Carrie Hassler & Hard Rain came out of nowhere -- actually Crossville TN -- in 2006 when their debut album for the Rural Rhythm label, Carrie Hassler & Hard Rain, took the bluegrass world by storm coming onto the Billboard Top Bluegrass Top Album Charts at number 11 and charting regularly for the next two years. It earned enough airplay to spend nine months on the Bluegrass Unlimited National Bluegrass Survey Top 15 Album Chart, and the album's first single, "Seven Miles from Wichita," went to number one on Sirius Radio's Bluegrass Top 40 and spent ten months on the Bluegrass Unlimited Top 30 Chart, crossing over to country radio as well. To top it all off, the gospel flavored track, "Least That I Can Do," spent a year on Bluegrass Now Magazine's Gospel Truths Chart. Not too bad for an album that was originally made to give away as a gift to family and friends.
Hassler was a stay at home mom with a husband and young son and although she enjoyed singing and performing, getting a record deal was the furthest thing from her mind. She was born in Chattanooga and raised in the small town of Pikeville, TN. Her mother was a piano teacher and everyone in her extended family sings and plays music. Her father worked the soundboard for a local gospel group, so Hassler was well versed in various styles of gospel music as a child. She was a shy, quiet girl, but when she started singing in the church choir at the age of nine, she shocked family members with the power and clarity of her voice. All she ever wanted to do was sing, but school, and later on raising her family, took precedence over her desire to be on-stage.
Hassler sang with a few bands doing covers of country music hits and had a low-key local career playing weddings, fairs, and private parties. She took some vocal training in junior high with gospel singer John Blassingame who taught at Chattanooga State College, but when he passed on she never went back and relies on her innate music sense for her vocal style. In 2004, she had a part in a review that payed tribute to Patsy Cline. A bluegrass band was on the bill and she asked them if she could sing a song with them. Both the band and Hassler were blown away by the power of her performance. Pikeville hosts three bluegrass festivals every year, so Hassler had grown up loving bluegrass and gospel, but never thought about singing with a bluegrass group. The reaction to her performance was immediate. She started playing local bluegrass shows with a loose coalition of players, most of them older pickers. When friends and family suggested making an album she warmed to the idea. Hassler met fiddler Jim VanCleve of Mountain Heart and he offered to produce a CD for her and her still unnamed band. The sessions were a patchwork affair; some tunes were cut with Hassler's regular group and some with musicians VanCleve brought in. Five of the new players -- Kevin McKinnon, mandolin; Keith McKinnon, guitar; Travis Anderson, bass; Josh Miller, banjo, and Dennis Harper, Dobro -- soon became Hassler's regular backing band. "Hard Rain" was the name of one of the strongest tracks they cut for the album and it became the name of the band. Shortly after Carrie Hassler & Hard Rain was finished, fiddler Jamie Harper stepped in to replace Dennis Harper, who was leaving to play with Doyle Lawson's band.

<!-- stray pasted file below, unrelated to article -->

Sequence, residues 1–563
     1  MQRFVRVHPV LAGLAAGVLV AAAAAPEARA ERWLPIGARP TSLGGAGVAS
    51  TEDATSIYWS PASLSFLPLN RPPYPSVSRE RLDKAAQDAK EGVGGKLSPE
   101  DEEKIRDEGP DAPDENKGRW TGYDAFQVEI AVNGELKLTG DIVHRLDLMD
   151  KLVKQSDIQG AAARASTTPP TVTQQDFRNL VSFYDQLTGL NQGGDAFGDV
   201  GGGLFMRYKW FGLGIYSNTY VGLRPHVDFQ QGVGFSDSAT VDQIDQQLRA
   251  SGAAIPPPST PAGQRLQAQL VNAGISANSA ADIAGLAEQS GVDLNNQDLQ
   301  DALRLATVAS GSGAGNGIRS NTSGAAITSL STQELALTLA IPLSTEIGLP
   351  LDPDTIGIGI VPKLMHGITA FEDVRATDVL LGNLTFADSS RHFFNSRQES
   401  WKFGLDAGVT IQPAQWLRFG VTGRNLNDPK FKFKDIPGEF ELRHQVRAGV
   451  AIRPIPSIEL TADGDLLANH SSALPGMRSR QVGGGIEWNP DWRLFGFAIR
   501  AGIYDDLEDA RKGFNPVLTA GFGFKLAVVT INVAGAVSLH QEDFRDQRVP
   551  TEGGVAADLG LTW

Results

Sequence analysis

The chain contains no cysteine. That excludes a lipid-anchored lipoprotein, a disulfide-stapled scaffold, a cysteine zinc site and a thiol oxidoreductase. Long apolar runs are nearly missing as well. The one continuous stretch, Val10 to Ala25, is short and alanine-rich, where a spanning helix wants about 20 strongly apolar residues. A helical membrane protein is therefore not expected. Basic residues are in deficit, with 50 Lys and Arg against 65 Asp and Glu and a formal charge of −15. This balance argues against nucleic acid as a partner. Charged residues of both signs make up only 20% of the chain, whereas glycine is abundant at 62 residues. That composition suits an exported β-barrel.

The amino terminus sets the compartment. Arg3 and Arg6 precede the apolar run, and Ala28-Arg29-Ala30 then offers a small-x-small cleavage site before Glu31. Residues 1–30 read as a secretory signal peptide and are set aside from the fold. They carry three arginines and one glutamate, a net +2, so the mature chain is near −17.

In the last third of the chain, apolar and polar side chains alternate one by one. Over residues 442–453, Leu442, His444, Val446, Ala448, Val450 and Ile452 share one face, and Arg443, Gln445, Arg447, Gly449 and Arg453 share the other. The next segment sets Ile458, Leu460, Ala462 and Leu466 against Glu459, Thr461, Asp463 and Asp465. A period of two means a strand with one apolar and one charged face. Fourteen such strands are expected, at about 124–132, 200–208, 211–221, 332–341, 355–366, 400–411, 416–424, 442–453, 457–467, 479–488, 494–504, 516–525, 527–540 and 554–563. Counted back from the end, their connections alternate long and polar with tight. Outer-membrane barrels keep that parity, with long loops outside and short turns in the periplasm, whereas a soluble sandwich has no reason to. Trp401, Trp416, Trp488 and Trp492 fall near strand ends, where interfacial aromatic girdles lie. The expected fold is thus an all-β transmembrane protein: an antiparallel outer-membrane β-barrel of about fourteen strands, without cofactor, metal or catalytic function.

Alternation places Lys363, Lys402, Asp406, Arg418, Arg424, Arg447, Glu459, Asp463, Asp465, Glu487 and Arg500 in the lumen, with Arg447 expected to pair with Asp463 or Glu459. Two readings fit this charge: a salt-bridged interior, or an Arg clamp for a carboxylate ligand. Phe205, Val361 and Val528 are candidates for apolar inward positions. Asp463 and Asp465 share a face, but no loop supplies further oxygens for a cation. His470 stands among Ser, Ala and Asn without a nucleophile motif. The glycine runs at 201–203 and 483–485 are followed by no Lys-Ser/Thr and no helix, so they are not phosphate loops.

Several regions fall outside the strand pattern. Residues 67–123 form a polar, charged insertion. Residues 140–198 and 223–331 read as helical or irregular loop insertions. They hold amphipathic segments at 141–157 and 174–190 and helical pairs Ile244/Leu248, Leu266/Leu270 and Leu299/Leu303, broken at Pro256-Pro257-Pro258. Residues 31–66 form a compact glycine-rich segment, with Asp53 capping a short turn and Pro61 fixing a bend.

Even before the sessions for Carrie Hassler & Hard Rain were over, Rural Rhythm expressed interest and when the album came out its unexpected success was a surprise to everyone. CHHR took to the road and logged over 150 dates with Hassler's husband and son joining mom on the road in her new career. With Hassler's emotive alto a clear match for any country diva you might want to compare her to and a smoking band, CHHR shot to the top echelon of live bluegrass bands.
In 2008, the band cut Carrie Hassler & Hard Rain 2 produced again by VanCleve. It entered Billboard's Top 50 Bluegrass Chart at number five. Hassler's vocals have been compared to gospel singer Sheri Easter, Etta James, Patsy Cline, Dale Ann Bradley, and Alison Krauss, but she has her own style of down-home soul. The songs were all road tested and many were written by banjo ace Josh Miller, who finely balances traditional bluegrass and contemporary country instincts in his tunes, although the band has no plans to make any overt crossover moves. In early 2009, CHHR were already writing new material and planning album three. ~ j. poet, Rovi